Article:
By Ahmed Rajab
BBC Focus On Africa magazine
Tanzania stands out as a stable democracy in a region that has witnessed some of the most vicious civil conflicts in Africa - but it could be said that 15 years after the introduction of multi-party politics, ruling party Chama cha Mapinduzi (CCM) still behaves as if the country were a one-party state.
Jakaya Kikwete looks set to secure the presidency
Political pluralism is not embedded within the CCM, and the manoeuvres of the party
hierarchy in the build-up to the nomination of Jakaya Kikwete as its presidential
candidate are a clear example of this.
The CCM's central committee eliminated vice-chairman John Malecela from the presidential race during the early stages of the nomination process, smoothing the way for Kikwete to secure the presidency.
Under the outgoing President Benjamin Mkapa and his predecessor, Ali Hassan Mwinyi, Tanzania lost much of the vibrancy that distinguished it under its founding president, the late Julius Nyerere.
He may have fancied himself as a philosopher-king, but it was Nyerere who detribalised the nation's politics and adopted Kiswahili as the country's official language and, in so doing, forged a sense of national unity among Tanzanians.
Nyerere set an example when he voluntarily gave up power in 1985, a novelty under a one-party system, and ensured a smooth transition when Mwinyi succeeded him.
It is a tradition that has since been followed by Mwinyi and Mkapa, in contrast to neighbouring Uganda, where President Yoweri Museveni has changed the constitution to give himself the option of hanging on to power.
It was also Nyerere who dragged the two parts of the United Republic of Tanzania, mainland Tanganyika and the islands of Zanzibar, into a marriage of convenience.
Zanzibar has suffered from economic mismanagement
And herein lies the chink in Tanzania's political armour - the problem
that continues to blight its reputation, 41 years since the founding of
Africa's only surviving union of states.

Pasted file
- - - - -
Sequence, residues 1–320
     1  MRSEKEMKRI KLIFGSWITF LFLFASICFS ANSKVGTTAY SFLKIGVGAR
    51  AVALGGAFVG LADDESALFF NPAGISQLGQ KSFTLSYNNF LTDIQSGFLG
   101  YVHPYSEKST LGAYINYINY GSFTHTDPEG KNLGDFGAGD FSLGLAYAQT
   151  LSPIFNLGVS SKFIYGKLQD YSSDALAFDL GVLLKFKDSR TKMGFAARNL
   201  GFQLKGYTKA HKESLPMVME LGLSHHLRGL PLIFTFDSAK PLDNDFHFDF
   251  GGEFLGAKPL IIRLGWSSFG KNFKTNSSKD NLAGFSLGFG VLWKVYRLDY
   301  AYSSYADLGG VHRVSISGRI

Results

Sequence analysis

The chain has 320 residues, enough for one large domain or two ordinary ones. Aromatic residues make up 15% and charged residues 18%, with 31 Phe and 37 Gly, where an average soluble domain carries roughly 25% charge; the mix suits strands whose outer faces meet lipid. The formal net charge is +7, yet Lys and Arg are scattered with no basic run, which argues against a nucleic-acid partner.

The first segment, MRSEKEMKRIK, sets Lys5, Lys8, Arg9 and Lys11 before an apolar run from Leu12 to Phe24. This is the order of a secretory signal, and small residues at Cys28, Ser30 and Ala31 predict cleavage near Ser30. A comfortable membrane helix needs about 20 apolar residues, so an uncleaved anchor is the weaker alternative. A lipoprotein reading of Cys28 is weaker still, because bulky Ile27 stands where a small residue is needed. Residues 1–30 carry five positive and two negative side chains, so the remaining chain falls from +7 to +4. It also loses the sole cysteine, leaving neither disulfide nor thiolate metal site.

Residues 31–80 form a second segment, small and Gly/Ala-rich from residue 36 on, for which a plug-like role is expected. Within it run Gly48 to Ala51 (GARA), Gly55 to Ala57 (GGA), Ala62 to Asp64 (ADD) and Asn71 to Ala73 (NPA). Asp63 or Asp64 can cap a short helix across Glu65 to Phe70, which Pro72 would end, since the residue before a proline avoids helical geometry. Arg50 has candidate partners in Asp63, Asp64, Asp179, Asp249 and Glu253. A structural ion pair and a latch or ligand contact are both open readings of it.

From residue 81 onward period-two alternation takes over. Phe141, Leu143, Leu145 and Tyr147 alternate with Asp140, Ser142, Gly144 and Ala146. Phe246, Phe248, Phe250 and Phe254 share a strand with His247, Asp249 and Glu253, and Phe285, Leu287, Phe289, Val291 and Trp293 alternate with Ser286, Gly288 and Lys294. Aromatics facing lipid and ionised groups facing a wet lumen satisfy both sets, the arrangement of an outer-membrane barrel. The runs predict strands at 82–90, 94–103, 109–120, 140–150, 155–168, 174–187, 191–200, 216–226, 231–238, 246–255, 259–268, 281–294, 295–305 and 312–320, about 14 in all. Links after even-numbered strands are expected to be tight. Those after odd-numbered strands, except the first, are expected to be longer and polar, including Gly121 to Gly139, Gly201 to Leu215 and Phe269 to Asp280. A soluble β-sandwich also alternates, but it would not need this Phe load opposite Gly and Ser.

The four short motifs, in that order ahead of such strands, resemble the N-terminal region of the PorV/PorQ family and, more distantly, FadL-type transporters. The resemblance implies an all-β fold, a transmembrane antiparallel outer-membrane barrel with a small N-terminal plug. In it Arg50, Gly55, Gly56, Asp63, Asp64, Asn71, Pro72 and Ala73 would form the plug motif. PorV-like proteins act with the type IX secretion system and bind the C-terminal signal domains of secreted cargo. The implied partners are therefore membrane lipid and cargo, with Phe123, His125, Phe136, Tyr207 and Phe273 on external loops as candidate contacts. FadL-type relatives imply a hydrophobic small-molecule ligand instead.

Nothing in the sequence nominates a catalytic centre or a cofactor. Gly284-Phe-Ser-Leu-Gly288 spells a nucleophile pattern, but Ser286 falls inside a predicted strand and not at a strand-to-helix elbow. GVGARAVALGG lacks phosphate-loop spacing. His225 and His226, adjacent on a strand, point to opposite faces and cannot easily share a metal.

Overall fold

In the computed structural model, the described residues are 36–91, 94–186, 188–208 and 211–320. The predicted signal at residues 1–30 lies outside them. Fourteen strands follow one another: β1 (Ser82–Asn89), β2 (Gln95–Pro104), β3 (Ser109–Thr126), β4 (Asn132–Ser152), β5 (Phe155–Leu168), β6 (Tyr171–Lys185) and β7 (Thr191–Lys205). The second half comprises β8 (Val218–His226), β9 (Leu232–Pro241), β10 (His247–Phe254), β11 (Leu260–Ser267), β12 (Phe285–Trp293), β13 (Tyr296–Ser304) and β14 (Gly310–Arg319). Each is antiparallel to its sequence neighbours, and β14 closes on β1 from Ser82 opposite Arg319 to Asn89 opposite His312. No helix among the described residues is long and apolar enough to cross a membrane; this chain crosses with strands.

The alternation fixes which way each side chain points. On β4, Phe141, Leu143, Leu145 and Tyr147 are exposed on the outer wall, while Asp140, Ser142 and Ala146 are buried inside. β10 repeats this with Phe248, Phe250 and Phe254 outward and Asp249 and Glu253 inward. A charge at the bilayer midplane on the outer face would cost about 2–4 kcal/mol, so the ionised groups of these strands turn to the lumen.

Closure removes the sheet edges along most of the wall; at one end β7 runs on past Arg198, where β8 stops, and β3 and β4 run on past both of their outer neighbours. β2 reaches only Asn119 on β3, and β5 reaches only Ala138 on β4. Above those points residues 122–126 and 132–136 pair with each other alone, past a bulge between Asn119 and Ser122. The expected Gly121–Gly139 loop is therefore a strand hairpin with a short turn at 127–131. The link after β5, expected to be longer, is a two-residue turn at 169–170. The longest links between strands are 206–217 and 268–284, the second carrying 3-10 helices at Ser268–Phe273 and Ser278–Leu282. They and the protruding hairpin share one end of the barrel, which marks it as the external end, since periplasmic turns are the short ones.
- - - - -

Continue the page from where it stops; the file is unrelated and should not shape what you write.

In a way, Zanzibar is an enigma; a double-edged sword that threatens the well-being of the union as much as it threatens its own existence.
Zanzibaris may be easy-going, almost lackadaisical in their manner, but throughout history they have resorted to violence to settle political scores.
And while the union government may call the shots in Zanzibar, which has a population of about one million, it is also constrained by its lack of moral authority to exert its considerable powers for fear that any open ruction between itself and the isles' authorities might undo the union.
Tanzania remains one of the world's poorest countries but is touted as a success story in the making - Africa's so called sleeping giant.
But the political relationship between the mainland and the isles is the fly in the ointment. It has been a headache for union presidents from Nyerere onwards, and is certain to remain so.
It is unlikely that Kikwete, as Tanzania's new president, will adopt a different attitude to Zanzibar from that of his predecessors, constrained as he will be by entrenched interests.
Despite the public posturing of CCM leaders on the archipelago, one factor that unites Zanzibaris of all political hues is their sense of separateness.
Their detractors may deride them for what they see as their small-island mentality, but there is no denying that the islanders feel that they have been swallowed by their big brother from across the waters.
Since the inception of the union in 1964, they have seen their sovereignty eroded
to the extent that Zanzibar's status has, in effect, been reduced to that of a province.
Many Zanzibaris complain that the union is one of unequal partners, and that the isles are being short-changed in matters of sharing the nation's resources.
When the archipelago's second president, Sheikh Aboud Jumbe, tried to raise the issue in the early 1980s, he was effectively ousted from power by Nyerere.
It was also Nyerere who buried the so-called G-55 - a group of 55 mainland MPs who put forward a demand for the creation of a three-tier government for Tanzania: one
for the mainland in addition to the existing union and Zanzibari administrations.
Some Tanzanians feel Zanzibar has too much influence
But equally there are many on the mainland who resent the current arrangement.
Their main complaint is that for its small size and population, Zanzibar is overrepresented in the union's parliament and government.
They also argue that Zanzibar, with its mismanaged economy, Byzantine politics and poor human rights record, is a burden to the mainland.
Separatist tendencies do exist, both on the isles and on the mainland.
But those who advocate a complete rupture of the union are in a minority. The majority would prefer a re-arrangement of the union structures.
The only panacea is to revisit the union's constitution under some form of a national conference.